How long does it take to resolve the outcome of a presidential election in a democratic country?  A week? Two? Three?  In Mexico, presidential elections held on July 2 are not over just yet.  This week, Andrés Manuel López Obrador and his supporters continued their month-and-a-half long public protest and even scuffled with police. 

While Obrador promises more protests even if (or when) Felipe Calderón becomes president, Mexico City residents are getting weary.  Protests have effectively shut down parts of the city, aggravating business owners, small and large, as well as workers.  The crisis, in fact, has surpassed the political arena and entered the economic one, as there are economic costs associated with the resulting political uncertainty. 

Even supporters of Obrador are beginning to display signs of frustration – not just with the elections results but also with how the situation is being handled – and they are calling for means other than public protests to resolve the problem.  In fact, the number of people taking to the streets has dwindled dramatically in the past few weeks.  The real question is:  will Mexicans choose to resolve disputes through credible institutions – like the respected Federal Electoral Commission – or will populist protests overwhelm the democratic system? 

Obrador exemplifies the defiance of left-leaning leaders.  He is turning to the ‘power of the crowd’ to get his way, rather than relying on political institutions to sort things out.  Yet, although the politics of populism continue to grip the region, not all of the left-leaning leaders are the same.

The leaders of Venezuela and Bolivia are in their own class, seeming to emulate Castro in style if not always in policy.  Additionally, Argentina now seems to be on the verge of following a similar path, as President Kirchner has increased centralization of power, re-nationalized several companies, and increased control over the judiciary.  Fortunately, Brazil, Chile, and Uruguay are on the other side of the spectrum.  In those countries, governments are better classified as social democracies because they seek to address social concerns while maintaining the course of market reform.   Peru is now a question mark with the return of Alain Garcia whose first term was marked by a populist disaster that took years to fix.   Peruvians are sincerely hoping that Garcia was speaking from the heart when he said he had learned from his mistakes and planned to follow sensible economic policy.

To clarify, there is nothing wrong with the growing emphasis on improving social services to help the poor.  We are seeing this trend across many countries in the region, and it is important to address the disenfranchisement experienced by the underprivileged.  In fact, Latin America as a region has the most unequal distribution of income in the world.  In addressing this, it is the means that matter.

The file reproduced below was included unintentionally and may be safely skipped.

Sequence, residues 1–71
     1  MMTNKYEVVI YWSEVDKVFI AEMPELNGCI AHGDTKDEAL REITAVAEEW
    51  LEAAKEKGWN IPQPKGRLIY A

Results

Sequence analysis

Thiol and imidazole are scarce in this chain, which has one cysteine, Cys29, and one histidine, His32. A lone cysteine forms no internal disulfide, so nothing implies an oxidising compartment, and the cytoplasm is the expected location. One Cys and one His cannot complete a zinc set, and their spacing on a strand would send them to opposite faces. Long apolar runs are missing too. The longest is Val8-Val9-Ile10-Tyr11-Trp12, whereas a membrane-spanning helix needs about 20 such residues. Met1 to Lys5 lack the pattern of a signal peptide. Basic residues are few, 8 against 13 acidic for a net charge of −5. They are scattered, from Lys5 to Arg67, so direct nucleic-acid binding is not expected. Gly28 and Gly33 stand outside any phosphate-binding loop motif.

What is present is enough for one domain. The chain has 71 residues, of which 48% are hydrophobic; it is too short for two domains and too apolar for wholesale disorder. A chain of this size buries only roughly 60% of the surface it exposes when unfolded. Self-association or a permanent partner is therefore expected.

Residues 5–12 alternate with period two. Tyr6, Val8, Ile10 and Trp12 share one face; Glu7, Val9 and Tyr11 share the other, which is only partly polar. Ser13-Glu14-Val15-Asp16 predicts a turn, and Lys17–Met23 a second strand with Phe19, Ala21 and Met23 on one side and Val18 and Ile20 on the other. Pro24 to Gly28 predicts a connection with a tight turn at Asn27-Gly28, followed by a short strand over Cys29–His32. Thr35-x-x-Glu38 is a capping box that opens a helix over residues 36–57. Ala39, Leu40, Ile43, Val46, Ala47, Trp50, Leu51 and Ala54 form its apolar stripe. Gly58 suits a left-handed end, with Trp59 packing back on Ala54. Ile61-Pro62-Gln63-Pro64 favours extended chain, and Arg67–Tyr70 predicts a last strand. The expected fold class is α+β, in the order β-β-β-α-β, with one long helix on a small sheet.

Venezuela is using its oil revenues to provide better health care and education to the poor.  Yet, Chavistanomics, as Francis Fukuyama called it in his recent article in the Washington Post, will survive only as long as the oil prices remain high.  The bigger question is: what happens if oil revenues decline?  Will there be any other economic base outside of the oil industry to support government spending, provide jobs, and generate income? 

We are also seeing that many of the state-owned companies in countries around the world are struggling, and failing, to increase production due to bureaucratic inefficiencies.  Further, state-owned enterprises have a limited ability to attract much-needed investment due to their poor corporate governance and high risk.  This means that even if oil prices remain high, there are limits to the windfalls from oil, gas, and other natural resources.  In the end, you still need a real economy.

An alternative to exploiting natural resources to reduce poverty should be well known in Latin America.  It has been pioneered by the Peruvian economist Hernando de Soto.  What de Soto showed is that up to 30 or 40 percent of the firms and workforce in many developing countries are trapped in an underground economy by an impenetrable wall of red tape and needless regulations.  De Soto’s solution is to create real market economies by giving the informals a chance to improve their situation and build their own future in the formal economy.  This, of course, points to the need to overhaul the formal economy to create real opportunities for entrepreneurial risk taking.  Interestingly, de Soto had been working with former Mexican President Fox to implement just these ideas.  Hopefully, a victory by Calderón will continue this work and help Mexico lock in both democracy and a market system.

The battle between liberal democracy and ultra-left populism in Latin America continues.  What we are seeing today is that elections alone do not define democracies.  Leaders may be propelled to power by citizens’ votes, but it is what they do once they are in the office that largely defines their political as well as economic stance.  Those leaders who choose to address poverty through redistribution, nationalization, and tight control over the economy may see only a short-term reduction in poverty at the expense of a crippled economy.  Those who embrace bottom-up reform and build a foundation for an entrepreneurial economy will see poverty rates decline and standards of living improve for decades to come.